Still a youngster, Ramirez took the drum chair with virtuoso Congolese guitarist Niwel Tsumbu and world-renowned bassist Jerome Rimson (Van Morrison, Al Jarreau, Thin Lizzy, Jimmy Page). This led to opportunities to share the stage with and support acts such as Richard Bona, the Skatalites, the Feeling, and the Pussycat Dolls. He was recently awarded the Irish Artists Bursary Award and also received an award from the Native American Educational Fund for his outstanding dedication in representing his tribe—the Yaqui people—within the music world.

Vocalist Marina Satti was born in Athens, Greece and was brought up in Crete. Half Greek and half Sudanese, she has had many different musical influences from an early age, including Greek, Balkan, Arabic, African, and more. Satti began classical piano lessons at age 10. In 2004, she moved to Athens to study architecture. In 2008, after studying with the baritone Panos Dimas for several years, Satti earned her first degree in lyrical monody—a classical Greek poetic vocal form—with honors and a first prize. One year later she earned a second degree in advanced classical studies, all the while studying jazz at the Nakas Conservatory, a member of the Berklee International Network. In 2006, she won second place in Nakas's national singing contest and created the critically lauded jazz-rock-folk fusion band G-PLAY.

From 2004 to 2009 Satti worked with Disney, DreamWorks, and Mattel doing the Greek overdubs for animated films including The Little Mermaid: Ariel's Beginning, Bolt, and Shrek the Third. In 2008, she won a starring role in the weekly television series Steps, which is the Greek version of Fame. She has performed in the original Greek casts of the musicals The Sound of Music, Escape, and Little Shop of Horrors.

In April '09, Satti toured for almost a month with the European Jazz Orchestra; the shows were broadcast live on TV and radio throughout Europe. Later she performed at the European Union's Secretariat in Brussels with Alex Simu. Currently she is a second-semester student at Berklee, double-majoring in jazz composition and in contemporary writing and production, mainly focusing on jazz and folk music.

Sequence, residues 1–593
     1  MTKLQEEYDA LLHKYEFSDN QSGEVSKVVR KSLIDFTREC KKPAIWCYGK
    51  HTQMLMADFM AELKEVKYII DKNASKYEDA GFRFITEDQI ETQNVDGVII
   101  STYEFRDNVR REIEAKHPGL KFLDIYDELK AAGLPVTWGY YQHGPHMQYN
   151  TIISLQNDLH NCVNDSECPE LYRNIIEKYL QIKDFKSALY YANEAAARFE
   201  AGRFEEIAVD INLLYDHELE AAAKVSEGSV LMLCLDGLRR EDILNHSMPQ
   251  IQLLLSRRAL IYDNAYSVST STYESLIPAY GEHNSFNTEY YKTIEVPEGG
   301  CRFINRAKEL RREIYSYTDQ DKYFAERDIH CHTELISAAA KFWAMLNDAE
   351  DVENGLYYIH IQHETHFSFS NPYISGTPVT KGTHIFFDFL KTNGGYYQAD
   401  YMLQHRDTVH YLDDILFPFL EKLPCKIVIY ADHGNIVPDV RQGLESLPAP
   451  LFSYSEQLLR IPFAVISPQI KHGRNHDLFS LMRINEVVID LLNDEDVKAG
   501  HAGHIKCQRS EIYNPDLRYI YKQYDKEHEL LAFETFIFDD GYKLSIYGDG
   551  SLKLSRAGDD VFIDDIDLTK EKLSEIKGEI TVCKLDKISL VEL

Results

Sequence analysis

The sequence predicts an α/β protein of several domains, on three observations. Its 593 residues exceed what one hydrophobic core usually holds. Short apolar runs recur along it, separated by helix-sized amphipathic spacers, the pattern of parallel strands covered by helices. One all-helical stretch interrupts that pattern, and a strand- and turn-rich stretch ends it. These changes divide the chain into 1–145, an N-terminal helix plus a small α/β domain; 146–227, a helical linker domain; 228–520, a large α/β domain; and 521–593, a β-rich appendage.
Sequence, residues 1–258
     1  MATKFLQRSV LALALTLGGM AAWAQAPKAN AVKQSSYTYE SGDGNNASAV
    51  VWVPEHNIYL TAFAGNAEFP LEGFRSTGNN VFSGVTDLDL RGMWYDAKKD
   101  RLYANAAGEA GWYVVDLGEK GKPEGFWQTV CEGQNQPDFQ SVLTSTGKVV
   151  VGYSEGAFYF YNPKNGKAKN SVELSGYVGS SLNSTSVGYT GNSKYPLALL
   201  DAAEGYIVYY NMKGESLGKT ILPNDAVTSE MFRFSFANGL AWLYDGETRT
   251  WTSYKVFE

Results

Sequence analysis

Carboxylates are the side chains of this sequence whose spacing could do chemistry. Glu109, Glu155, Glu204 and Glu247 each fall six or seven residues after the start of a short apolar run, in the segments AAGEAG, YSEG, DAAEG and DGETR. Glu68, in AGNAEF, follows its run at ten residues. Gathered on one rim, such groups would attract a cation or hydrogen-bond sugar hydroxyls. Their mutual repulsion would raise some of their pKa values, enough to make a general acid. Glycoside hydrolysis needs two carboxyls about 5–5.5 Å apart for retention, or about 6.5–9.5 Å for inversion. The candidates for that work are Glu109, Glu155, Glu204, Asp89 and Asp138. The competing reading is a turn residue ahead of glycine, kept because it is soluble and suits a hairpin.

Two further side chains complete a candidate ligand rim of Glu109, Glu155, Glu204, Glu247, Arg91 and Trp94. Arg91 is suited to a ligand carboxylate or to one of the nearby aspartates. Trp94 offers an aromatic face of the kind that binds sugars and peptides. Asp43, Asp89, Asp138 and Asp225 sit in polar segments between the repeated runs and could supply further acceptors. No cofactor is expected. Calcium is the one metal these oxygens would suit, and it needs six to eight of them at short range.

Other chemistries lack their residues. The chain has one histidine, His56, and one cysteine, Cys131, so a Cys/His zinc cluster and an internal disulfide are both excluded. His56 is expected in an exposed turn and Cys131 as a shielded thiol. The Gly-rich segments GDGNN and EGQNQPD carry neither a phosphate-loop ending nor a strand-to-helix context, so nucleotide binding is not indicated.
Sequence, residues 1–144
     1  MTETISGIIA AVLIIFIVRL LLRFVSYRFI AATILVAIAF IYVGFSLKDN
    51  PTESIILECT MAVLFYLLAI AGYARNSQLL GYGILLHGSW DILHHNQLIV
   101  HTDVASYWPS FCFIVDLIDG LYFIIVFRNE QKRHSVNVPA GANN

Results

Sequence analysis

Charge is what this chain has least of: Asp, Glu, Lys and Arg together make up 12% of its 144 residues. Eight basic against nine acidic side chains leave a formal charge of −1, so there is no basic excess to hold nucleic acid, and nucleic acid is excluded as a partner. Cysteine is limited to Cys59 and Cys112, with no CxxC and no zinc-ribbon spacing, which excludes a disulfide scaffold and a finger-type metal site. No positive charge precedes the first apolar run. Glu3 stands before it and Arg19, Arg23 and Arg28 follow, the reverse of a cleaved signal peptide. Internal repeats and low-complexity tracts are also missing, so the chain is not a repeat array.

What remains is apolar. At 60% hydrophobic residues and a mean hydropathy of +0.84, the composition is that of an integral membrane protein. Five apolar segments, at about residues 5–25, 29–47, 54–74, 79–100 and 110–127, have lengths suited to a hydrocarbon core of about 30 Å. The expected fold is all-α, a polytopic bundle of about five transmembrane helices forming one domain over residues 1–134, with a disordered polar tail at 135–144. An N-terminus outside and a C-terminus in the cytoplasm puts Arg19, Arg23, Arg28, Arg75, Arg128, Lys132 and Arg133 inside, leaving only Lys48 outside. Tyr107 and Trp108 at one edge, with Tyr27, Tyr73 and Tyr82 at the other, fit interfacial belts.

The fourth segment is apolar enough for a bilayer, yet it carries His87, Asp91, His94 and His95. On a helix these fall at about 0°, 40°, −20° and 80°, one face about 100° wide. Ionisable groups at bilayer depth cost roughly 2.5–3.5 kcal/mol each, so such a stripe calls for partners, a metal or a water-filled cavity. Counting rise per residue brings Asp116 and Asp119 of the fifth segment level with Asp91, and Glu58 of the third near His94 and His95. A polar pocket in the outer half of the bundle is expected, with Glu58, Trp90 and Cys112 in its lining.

Growing up in a musical family, Israeli bassist Noam Wiesenberg was exposed to many musical genres from an early age, picking up his first instrument (cello) at the age of 8. After 10 years on the cello, Wiesenberg switched to the double bass and soon became a performer in great demand across the Israeli music scene. He has been a recipient of America-Israel Cultural Foundation scholarships for 10 years (1998–2008). After winning second prize in the Israeli Jazz Player of the Year competition, Wiesenberg participated in the annual International Association of Schools of Jazz world convention in Latvia.

In August 2008, Wiesenberg moved to Boston to study at Berklee on scholarship, graduating in May 2010. He has performed/recorded with acclaimed artists including Roy Hargrove, Matisyahu, Mark O'Connor, Jeff "Tain" Watts, and string jazz supergroup Dr. Magpie.

About the DC Jazz Festival:

With more than 100 performances in dozens of venues across the city, the DC Jazz Festival is the largest music festival in Washington, D.C. and has become one of the most highly anticipated cultural events in the nation's capital. The festival also presents year-round music programs and performances by local, national, and internationally known artist; promotes music integration in school curricula; and actively supports community outreach to expand and diversify the audience of jazz enthusiasts.